"Am I just paranoid or am I just stoned?" Well, that's the grand conundrum, isn't it? Green Day's video for "Basket Case" is a decidedly bonkers bit of video magic, featuring a trippy horror flick-style psych ward, spooky masks and enough retina-scorching colour choices to have you scrambling for an eyewash station. The promo was a big hit on MTV and scored the band a whopping nine (9!) MTV Video Music Award nominations. So, how many Moonmen did the pop punkers win? Nada. That's enough to drive any sane person just a little bit nuts.
Geek Stink Breath
Want us to sum up this video in just one word? Sure thing. "YUCK!" fits the bill quite nicely. Green Day were riding high following the colossal success of their major label debut Dookie; they could have had a big fancy megabudget video to accompany their new album's leadoff single. But the band did not go that route. "Geek Stink Breath" is a total grossout clip featuring a friend of the band getting some nasty-looking dental work done. The less-than-glamorous visuals accompany a song that addresses the issue of meth mouth. Charming!
DANGER! WHY ARE YOU IGNORING THE DANGER? Pulling some tricks from Mr. Magoo, the clip for "Walking Contradiction" features the band narrowly avoiding calamity at every turn. The oblivious rockers enjoy a nice walk to their car as chaos reigns around them. Newsstands collapse, cars get wrecked and a building turns to rubble in the band's rearview mirror. This Roman Coppola-directed clip earned the band a Grammy nom for Best Short Form Music Video, although Green Day were beat out for the prize by some band called The Beatles.
Hitchin' A Ride
The sparks fly in the promo for "Hitchin' a Ride." (We mean that literally. Sparks burst from the bar when a giant insect terrorizes everyone in the clip.) This video features Green Day looking incredibly dapper in their warped jazz club style surroundings. Come for the terrifying Betty Boop headed dancer, stay for the shots of Billie Joe Armstrong laying waste to a nightclub.
Good Riddance (Time Of Your Life)
Careful. If you put this song on, there's a chance a late '90s prom could break out at any moment. The video for Green Day's signature nostalgia-beckoning ballad is a surprisingly sincere affair. Viewers were treated to shots of regular folks (plus band members Tre Cool and Mike Dirnt) just kinda staring off into space. All and all, it's a fairly straightforward video for a fairly straightforward song.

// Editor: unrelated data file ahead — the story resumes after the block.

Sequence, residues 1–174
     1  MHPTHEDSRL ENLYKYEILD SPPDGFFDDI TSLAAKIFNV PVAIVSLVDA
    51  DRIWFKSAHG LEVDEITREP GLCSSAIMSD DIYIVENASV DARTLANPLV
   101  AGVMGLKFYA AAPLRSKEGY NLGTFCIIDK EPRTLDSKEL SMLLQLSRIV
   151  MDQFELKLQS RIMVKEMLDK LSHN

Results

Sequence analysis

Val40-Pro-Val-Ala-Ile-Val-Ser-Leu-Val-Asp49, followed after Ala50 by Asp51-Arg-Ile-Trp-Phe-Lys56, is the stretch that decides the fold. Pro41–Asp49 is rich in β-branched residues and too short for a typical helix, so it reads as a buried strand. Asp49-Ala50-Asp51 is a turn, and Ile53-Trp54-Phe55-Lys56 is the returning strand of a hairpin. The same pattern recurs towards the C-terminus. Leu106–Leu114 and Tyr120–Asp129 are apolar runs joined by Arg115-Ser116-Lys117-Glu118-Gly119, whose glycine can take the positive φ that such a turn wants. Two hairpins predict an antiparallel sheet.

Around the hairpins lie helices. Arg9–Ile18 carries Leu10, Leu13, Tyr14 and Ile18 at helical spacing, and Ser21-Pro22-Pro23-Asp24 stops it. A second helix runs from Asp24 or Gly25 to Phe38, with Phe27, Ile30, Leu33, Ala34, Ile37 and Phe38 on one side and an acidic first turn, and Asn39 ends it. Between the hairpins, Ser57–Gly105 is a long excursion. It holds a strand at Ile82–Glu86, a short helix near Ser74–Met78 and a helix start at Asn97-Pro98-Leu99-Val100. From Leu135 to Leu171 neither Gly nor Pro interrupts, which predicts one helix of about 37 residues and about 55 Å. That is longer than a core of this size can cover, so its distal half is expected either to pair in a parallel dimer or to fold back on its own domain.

Considering the album this comes from has a song (a single no less!) called "Macy's Day Parade," you'd figure Green Day would save the float and big balloons for that tune. Nope. The clip for "Minority" features the California punks rolling down a city street on a float. Enormous inflatable versions of the band are also part of the pageantry, accompanying the trio as they navigate their way through San Diego. (There's also some sneaky bird flipping in the mix.) Sadly, the float doesn't survive the video. The band tear it to pieces before the song reaches its conclusion. By the way, Green Day actually did make their way into the Macy's Thanksgiving Day Parade. The cast of the Green Day musical American Idiot performed at the event in 2010.
In the video for "Walking Contradiction", Green Day are the ones narrowly avoiding danger. In the promo for "Warning," the band let someone else do the 'obliviously avoiding peril' thing. This Francis Lawrence-directed clip features a schlub engaging in a lot of dangerous behaviour. Our hero runs with scissors, drinks rotten milk and wanders through a police shootout, but ultimately survives relatively unscathed and totally unbothered.
Boulevard of Broken Dreams
Green Day have dialed down their wiseass tendencies over the past decade; that shift extends to their music videos, too. The Samuel Bayer-directed clip for "Boulevard of Broken Dreams" scored six VMAs (including Video of the Year) and loads of acclaim for its dramatic approach. This wander-heavy clip has a companion in the much less self-serious video for "Holiday."
Wake Me Up When September Ends
Evan Rachel Wood and Jamie Bell co-star in this music video critique of the Iraq War. "Wake Me Up When September Ends" tells the story of a couple that's been pulled apart by the conflict and the fallout that arrives after tragedy strikes. The promo earned the band a MuchMusic Video Award in 2006 for Best International Video.
Geez, what a bunch of lousy shots. The video for "21 Guns" features a couple holed up in a house as a hail of gunfire rains down upon them. None of the bullets strike the characters (shades of "Freak on a Leash") and they survive the ordeal unharmed. The clip wound up grabbing three Video Music Awards in 2009, including the prize for Best Rock Video.